December 13, 2008 | 1 Comment

Category: Auto-Biography

If it wasn’t enough that my frequent headaches were a painful distraction, now they are reminders of my mortality.  Maybe that’s a good thing.  Right now, that’s not feeling like the case.

On Saturday night, I briefly passed out after eating Indian food, after one beer, while deeply fatigued.  I left the restaurant at the point I felt like I might pass out.  I sat down on a chair on the sidewalk.  I woke up lying on the sidewalk, having just hit my head.  I then threw up.  Marcia was inside the restaurant taking care of the bill and had not seen me topple or hurl.

Twenty-four years ago, deeply fatigued, I had a glass of wine, Indian food, then passed out and threw up.  This time, remembering the circumstance and sequence, I got myself outside so I would not throw up in the restaurant.  Last time, by the time an ambulance arrived, I felt recovered.  An EEG a couple weeks later suggested no cerebral issues.

This time a passerby using a cell phone had an ambulance there in maybe two minutes and then ran into the restaurant to retrieve my wife.  I was still weak, pale and sweating, though totally cogent when the ambulance arrived.  The EMTs convinced me to go to the hospital.  I agreed, if they didn’t turn on the siren.  The head EMT said OK.  We proceeded to the hospital, siren blaring.

Because I hit my head when I passed out, hospital doctors insisted I have a test to determine that my brain had not been damaged, which would involve my being admitted to the hospital.  I said no and that I would like to go home.  I felt totally recovered.  The doctor said that if I went home now my insurance would not cover the ambulance ride or ER admission costs because I was leaving without the approval of the doctor.  The doctor told Marcia and me that if I wanted insurance to cover costs up until that point, I would have the scan.  I complied.

The first test came back indicating no brain damage.  They concluded this while I was still in the ER.  They thought the passing out might be heart related, so I was wheeled to the cardiac ward.

Around 10:00 p.m., a doctor came to my room with the news that there was something on the brain scan that did not belong, a small anomaly.  She said it looked like a small aneurysm, not necessarily life-threatening.  I was not comforted by how uncomfortable she looked and sounded while sharing the news.  More tests would be required.  The second in a succession of five tests over a period of 40 hours was administered that night.

It was time to accompany myself, deliberately staying away from talking myself into fear and dread.  Marcia was loving and present.  I sent her home to sleep.  I shifted to full-scale meditative mode, placing my full consciousness within the confines of my body.  Hour after hour, I just stayed with me.  Hospital noises and interruptions prevented me from sleeping.  I meditated, breathed and stayed in a relative present.  Still, I was scared, yet feeling loved.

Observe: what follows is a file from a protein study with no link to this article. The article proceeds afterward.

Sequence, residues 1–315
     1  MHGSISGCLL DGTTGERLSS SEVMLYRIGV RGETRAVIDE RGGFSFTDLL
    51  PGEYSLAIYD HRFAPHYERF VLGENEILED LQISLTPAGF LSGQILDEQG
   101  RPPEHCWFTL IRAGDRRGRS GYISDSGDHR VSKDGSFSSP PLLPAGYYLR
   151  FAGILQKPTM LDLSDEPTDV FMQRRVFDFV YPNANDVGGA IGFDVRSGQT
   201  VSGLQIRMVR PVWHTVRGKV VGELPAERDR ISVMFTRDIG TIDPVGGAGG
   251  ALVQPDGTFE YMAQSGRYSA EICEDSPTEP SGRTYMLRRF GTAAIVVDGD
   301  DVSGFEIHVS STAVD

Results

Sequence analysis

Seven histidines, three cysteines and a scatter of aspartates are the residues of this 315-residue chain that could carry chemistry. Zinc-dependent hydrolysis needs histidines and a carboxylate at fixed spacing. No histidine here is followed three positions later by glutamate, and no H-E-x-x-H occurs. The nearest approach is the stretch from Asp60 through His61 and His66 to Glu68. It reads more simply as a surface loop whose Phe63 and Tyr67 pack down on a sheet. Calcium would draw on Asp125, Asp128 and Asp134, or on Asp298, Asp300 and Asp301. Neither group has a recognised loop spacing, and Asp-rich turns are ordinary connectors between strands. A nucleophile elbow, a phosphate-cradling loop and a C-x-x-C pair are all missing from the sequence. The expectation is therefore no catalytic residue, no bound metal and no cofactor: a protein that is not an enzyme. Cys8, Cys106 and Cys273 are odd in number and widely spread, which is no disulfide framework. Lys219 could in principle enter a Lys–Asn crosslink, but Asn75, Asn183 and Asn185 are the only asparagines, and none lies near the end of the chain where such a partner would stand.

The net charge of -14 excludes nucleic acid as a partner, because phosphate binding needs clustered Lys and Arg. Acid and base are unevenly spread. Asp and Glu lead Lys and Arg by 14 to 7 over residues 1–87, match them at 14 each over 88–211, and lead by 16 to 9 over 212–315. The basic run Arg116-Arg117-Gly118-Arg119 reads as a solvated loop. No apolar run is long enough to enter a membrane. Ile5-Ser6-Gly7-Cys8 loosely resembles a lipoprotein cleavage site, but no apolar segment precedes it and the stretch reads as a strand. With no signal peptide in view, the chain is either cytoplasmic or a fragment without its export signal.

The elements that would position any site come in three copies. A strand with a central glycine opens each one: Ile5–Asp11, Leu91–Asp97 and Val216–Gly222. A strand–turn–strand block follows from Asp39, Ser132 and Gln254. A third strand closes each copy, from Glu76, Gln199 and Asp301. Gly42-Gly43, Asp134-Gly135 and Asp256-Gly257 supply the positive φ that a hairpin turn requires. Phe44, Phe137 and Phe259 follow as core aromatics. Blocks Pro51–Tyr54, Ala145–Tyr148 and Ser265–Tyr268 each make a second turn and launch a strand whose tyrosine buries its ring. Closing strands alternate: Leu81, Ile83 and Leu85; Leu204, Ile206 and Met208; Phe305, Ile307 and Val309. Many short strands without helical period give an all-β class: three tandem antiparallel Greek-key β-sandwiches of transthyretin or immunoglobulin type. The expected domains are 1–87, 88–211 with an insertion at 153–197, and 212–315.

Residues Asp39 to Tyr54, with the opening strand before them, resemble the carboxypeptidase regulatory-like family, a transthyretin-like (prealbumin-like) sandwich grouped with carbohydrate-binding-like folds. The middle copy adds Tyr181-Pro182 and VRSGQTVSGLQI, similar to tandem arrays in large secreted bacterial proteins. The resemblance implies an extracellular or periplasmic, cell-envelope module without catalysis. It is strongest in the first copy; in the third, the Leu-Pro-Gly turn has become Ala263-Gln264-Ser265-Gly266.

The next day, a neurosurgeon came in to provide me a summary.  I had a 12 mm aneurysm in a complicated location.  It looked like it had been around for a while and was not imminently threatening, though intervention might be prudent.  He said intervention would have no long-term serious effects.  Untreated, there was maybe a 5% chance in any given year that it could rupture.  The neurosurgeon said his boss, the head neurosurgeon, would be in to see me later in the afternoon.

The head neurosurgeon, the fourth doctor to provide an evaluation of the tests, made one correction.  The head neurosurgeon estimated that there was perhaps a 20% chance that intervention would result in stroke and long-term negative effects.

I woke up in my own bed this morning with a headache.  When I have headaches, which is pretty often, about once a week, I dissociate.  I dissociate by working or by writing, like I am now.

If I’m feeling scared, dissociation encourages anxiety.  To allay anxiety, I go into my body, inhabit my body, associate, comfort myself by being with myself.  The pickle I’m in at this moment is that a headache reminds me of the aneurysm, which I reflexively want to respond to by being in my body, but being in my body makes me more in touch with the headache pain.

The doctors assure me that my headaches are unconnected to the aneurysm.  I’ll only get one aneurysm headache and it will be the worst headache I’ve ever had.  My normal headaches are just a reminder.  A reminder of my mortality.

I’m going to take some more Advil and soak in the tub.  I need to be with me right now, though I’m not real experienced at being with me, in pain.


This entry was posted on Saturday, December 13th, 2008 at 7:25 am and is filed under Auto-Biography. You can follow any responses to this entry through the RSS 2.0 feed. You can leave a response, or trackback from your own site.
1 Comment so far

  1. benny on March 12, 2009 11:25 pm

    I myself is very concern bout my brain but I am too scared to get a head scan but a few months ago I got into a fight and someone hit me in the head with a pipe ever since then I have felt the same my head aches often.and when I pound my head it hurts at the spot that I’ve been hit .it was becuase of that fight that caused all this I wishh I have never got into it I am very svared I have a child and I don’t want to leave her in this world with out a father…….

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